I turn for a moment to the claims that are being made about Kakadu stage 3, and I think this is crucial. The Government has given an assurance to the wider community and to the world about its attitude to mining activity in Kakadu stages 1 and 2. Stage 3 is subject to other matters and to claims. The Environment and Conservation Committee took some time to look at this with respect to stage 3. I make this observation to the House: One of the things I find interesting is that there seem to be-and I suppose that there is a good geological explanation for this-an extraordinary number of claims associated with the water catchment area of the Alligator Rivers Region. I would also make the observation that I think it is interesting that the mining industry is putting pressure on the claims within the Gimbat and Goodparla pastoral leases. I think the community at large should perhaps also understand that outside the boundary of Kakadu stage 3 are other mining claims whose prospectivity may be of equal value to those that are being pressed within the bounds of the proposed Kakadu stage 3.

I think on balance, and in conclusion, that what we have here is a test case by the mining industry to see whether it can establish claims within the bounds of Kakadu stage 3. What does the Australian community at large think of that? Perhaps we ought observe that, in terms of stages I and 2, this Government has no doubt about its responsibilities both to Australia and to the world at large. I think many honourable members on this side would also make the observation that they believe that it would have been better had there never been a uranium mine within stage I. Given that there is, can we assure the Australian community that the management practices are the best possible? Certainly in terms of intentions, it is clear that the parties concerned are proceeding along agreed paths and processes. There is regular consultation. As I said earlier, it is probably the most supervised and tightly managed mine in the world. I think there is good reason for saying that the Australian public might feel relatively assured on that. In another sense that does not remove any wider responsibility for the Australian Parliament or for that particular mine site to be sure that down the track its management practices are the best possible and that its water release programs are the most desirable so that the Australian community can have the due confidence that it ought to have in that activity.

That takes me back, in a sense, to where we began, and we began by saying that this is a Customs Tariff Bill which is in fact to do with raising a levy. It may well be that the Opposition is concerned about the degree of the levy. However, given its focus upon matters economic, I say to it: What we are doing is looking towards setting a levy that enables us, as a community, to ensure that the management of that mine by the Office of the Supervising Scientist is the best possible. Honourable members should remember that we have responsibility not only to the immediate community, which is the traditional Aboriginal landholders, but to all of Australia. We also have a world responsibility because-honourable members should remember this-Kakadu has world status. We are talking about what would be, in geographic terms, one of the most splendid and spectacular places on earth. It is not as though this is an issue of some minor concern; it is an issue of considerable concern.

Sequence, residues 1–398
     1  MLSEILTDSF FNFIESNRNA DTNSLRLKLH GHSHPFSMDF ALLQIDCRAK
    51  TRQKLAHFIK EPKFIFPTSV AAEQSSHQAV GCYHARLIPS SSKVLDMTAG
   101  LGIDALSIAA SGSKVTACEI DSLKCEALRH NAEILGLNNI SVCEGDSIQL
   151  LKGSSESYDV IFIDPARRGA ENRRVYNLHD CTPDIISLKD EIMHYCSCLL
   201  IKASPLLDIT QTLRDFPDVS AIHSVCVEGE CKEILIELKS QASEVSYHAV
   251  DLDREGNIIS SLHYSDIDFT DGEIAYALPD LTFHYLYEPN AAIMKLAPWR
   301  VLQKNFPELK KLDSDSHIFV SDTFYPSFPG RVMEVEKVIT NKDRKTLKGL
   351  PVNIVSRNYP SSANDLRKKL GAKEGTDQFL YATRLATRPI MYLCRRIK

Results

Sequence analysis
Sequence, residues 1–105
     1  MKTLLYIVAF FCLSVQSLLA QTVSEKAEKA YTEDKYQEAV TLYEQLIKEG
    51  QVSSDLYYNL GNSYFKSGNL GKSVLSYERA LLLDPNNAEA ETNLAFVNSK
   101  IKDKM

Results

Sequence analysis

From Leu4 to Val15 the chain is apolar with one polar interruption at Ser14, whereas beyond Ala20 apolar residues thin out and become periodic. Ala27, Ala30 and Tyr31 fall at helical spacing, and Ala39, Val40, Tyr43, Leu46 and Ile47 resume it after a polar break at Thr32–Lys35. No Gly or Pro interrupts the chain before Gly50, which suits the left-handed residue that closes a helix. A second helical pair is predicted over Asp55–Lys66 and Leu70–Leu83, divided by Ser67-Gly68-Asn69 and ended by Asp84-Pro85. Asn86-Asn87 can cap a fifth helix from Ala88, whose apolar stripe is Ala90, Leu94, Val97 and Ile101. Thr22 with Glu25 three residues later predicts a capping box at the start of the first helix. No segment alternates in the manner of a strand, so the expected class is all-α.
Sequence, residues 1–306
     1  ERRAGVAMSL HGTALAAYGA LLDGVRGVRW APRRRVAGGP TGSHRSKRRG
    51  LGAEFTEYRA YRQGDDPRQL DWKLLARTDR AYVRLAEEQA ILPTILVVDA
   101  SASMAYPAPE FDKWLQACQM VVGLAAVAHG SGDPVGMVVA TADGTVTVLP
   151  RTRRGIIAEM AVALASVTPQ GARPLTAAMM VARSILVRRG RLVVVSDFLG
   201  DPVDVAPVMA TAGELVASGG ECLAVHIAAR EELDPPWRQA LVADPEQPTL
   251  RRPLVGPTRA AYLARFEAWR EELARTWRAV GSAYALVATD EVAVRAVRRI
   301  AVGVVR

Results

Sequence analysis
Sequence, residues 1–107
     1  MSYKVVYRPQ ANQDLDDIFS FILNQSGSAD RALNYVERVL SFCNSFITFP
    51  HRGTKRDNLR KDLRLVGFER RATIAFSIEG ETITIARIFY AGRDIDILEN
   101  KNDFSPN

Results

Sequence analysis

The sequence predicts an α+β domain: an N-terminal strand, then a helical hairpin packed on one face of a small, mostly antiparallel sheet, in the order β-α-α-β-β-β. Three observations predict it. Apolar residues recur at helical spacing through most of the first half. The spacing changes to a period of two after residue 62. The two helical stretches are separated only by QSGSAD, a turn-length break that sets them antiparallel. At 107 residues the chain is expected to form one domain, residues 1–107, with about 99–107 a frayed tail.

Given that decisions were taken in the past about proceeding with mining, we have a duty to ensure that mining has the minimum possible impact on the surrounding environment. Should we say that down the track there will not be any problems? I do not think we can say that. Do we think, as an environment committee, that everyone can rest easily? I think the answer to that question is no. We have an ongoing responsibility, and that is where we, as a parliament, have to be sure that we provide the support-both political and financial-for the Office of the Supervising Scientist to undertake its work. I am quite confident about the quality of the work that it does. I am confident that, in association with other authorities, that Office will pay close attention to the needs of the traditional community and the wider community. As a community, as a parliament, are we undertaking the best possible management processes and are we sure that the best practical technology is being used?

At this stage the answer to those questions is yes. Is it without problems? The answer to that question is no. Very clearly, as a parliament and certainly as an all party environment committee, we have at least had the opportunity to have fairly full and frank discussions with the interested parties. We reported to the Parliament on this matter in October 1986.

The water management of Ranger uranium will be an ongoing responsibility. It is not something we can assume will go away because clearly it will not. The Ranger uranium mine will continue to be an operation of export value and mining value, but we, as a parliament, must ensure that we fulfil our responsibility to the Australian community and the wider community for managing both the mine and its surrounding area, which is Kakadu National Park.